Another, more flexible strategy entails using templates, which may include, for example, scripts to pull Perl packages from CPAN or build a standard J2EE stack. This tactic allows the same application model to be used on different cloud environments, both private and public. Such a template-driven approach facilitates updating stacks without rebuilding the entire bundled disk image. Nand Mulchandani, CEO and co-founder of cloud management system vendor ScaleXtreme, describes this approach as "dynamic VM assembly."

This strategy extends traditional software-building approaches, like makefiles and package managers, which focus on source code and application libraries, into the realm of VMs and virtual appliances. Developers build a detailed model of all the application and OS binary files, reminiscent of source code makefiles or Linux binary packages. It's no coincidence that rPath is a leading advocate of this approach since the startup was co-founded by an originator of the Red Hat Package Manager.

However, Mulchandani cautions against commingling application and operating system configurations if you plan on deploying to public clouds, since even IaaS providers using the same Linux distribution--say Red Hat or Centos--often use different kernel or library versions in their VMs. That's a critical detail that IT can't control. He also points out that application models can get quite detailed and that building them is painstaking, time-consuming work that can be impractical for large companies with scores of applications and thousands of machines.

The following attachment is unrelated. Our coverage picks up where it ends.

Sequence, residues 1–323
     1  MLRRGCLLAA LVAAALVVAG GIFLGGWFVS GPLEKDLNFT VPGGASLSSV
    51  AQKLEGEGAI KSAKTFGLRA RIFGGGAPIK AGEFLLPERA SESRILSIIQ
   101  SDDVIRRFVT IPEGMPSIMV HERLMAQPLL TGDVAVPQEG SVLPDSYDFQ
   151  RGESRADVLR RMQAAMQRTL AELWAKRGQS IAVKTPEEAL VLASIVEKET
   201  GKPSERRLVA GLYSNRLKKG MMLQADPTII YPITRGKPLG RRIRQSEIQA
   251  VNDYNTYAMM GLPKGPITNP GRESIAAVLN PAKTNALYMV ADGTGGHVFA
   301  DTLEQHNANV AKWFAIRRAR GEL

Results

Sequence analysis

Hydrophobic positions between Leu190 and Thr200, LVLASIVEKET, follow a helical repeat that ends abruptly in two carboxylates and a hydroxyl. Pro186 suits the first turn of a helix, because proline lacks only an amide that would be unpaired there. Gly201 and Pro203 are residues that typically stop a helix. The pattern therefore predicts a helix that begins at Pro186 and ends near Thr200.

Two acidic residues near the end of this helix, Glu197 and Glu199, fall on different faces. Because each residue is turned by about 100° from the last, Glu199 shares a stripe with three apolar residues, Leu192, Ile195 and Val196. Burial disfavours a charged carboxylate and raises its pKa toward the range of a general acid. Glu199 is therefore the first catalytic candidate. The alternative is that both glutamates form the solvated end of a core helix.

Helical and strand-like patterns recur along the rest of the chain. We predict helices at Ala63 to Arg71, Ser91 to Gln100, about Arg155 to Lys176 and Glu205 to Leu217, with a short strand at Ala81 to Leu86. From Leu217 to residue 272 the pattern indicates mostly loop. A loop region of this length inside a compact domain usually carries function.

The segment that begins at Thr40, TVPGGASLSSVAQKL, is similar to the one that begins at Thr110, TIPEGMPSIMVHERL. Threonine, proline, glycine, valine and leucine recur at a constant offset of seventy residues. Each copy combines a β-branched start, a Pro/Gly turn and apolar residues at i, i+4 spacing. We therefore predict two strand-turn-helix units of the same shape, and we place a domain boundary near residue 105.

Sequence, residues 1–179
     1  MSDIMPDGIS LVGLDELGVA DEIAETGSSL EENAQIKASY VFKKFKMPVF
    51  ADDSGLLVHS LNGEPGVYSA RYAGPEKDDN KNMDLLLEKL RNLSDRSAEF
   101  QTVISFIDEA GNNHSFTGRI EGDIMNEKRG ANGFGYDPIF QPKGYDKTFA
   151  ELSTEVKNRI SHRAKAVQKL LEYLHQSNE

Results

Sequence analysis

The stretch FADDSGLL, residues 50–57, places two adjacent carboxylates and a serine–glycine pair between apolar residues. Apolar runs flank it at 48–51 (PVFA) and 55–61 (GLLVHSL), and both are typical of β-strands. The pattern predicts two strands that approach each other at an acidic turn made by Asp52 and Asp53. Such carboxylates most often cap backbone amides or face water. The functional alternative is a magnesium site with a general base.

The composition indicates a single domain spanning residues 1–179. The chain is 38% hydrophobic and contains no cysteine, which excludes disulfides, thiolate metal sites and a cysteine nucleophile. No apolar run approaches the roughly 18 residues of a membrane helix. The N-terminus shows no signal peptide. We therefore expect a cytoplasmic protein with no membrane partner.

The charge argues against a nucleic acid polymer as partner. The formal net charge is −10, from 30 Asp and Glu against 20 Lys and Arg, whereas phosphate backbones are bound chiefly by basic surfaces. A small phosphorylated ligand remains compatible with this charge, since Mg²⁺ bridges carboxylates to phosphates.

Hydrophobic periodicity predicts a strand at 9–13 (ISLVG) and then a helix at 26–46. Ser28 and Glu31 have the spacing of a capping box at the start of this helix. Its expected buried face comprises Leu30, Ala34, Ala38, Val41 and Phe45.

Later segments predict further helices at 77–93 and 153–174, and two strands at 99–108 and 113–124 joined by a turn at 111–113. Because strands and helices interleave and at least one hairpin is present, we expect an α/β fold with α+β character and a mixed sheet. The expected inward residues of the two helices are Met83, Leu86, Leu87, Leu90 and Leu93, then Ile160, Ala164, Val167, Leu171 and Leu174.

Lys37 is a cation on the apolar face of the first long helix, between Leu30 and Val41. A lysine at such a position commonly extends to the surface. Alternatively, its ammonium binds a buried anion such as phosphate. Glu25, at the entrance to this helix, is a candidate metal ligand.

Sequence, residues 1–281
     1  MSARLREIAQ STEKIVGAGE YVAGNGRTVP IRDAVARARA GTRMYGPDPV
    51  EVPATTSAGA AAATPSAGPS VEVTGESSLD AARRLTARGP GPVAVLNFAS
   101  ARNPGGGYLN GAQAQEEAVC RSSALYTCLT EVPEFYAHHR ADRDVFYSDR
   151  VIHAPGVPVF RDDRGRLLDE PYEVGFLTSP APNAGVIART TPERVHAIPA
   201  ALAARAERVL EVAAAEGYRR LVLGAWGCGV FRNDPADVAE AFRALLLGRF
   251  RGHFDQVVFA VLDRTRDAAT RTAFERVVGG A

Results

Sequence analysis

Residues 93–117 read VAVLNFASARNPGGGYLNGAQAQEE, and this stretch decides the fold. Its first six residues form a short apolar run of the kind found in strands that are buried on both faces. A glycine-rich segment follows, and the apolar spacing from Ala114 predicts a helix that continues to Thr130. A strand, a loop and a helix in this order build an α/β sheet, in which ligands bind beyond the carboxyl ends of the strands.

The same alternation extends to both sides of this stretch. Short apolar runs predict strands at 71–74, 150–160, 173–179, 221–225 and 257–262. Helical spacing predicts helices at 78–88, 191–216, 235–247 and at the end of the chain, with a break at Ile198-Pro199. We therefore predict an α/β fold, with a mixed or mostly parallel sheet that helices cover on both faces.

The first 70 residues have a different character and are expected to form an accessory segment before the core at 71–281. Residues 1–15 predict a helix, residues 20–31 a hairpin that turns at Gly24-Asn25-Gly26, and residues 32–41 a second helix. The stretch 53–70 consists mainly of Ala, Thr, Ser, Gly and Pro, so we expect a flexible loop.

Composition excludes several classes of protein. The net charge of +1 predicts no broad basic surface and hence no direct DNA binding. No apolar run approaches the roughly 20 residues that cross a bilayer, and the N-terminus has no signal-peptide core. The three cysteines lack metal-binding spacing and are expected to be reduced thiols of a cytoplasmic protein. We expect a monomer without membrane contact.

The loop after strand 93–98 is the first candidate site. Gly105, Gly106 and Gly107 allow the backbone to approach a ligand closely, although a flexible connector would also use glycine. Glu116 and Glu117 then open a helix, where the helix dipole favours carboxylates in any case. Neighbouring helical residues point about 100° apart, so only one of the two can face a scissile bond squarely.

So what's the answer? For now, that has a lot to do with whether you're using a public or a private cloud. Yes, SaaS products like ScaleXtreme's are trying to bridge that gap, but they are very new and are designed to do everything from their own service--so they don't integrate well, if at all, with existing internal management software.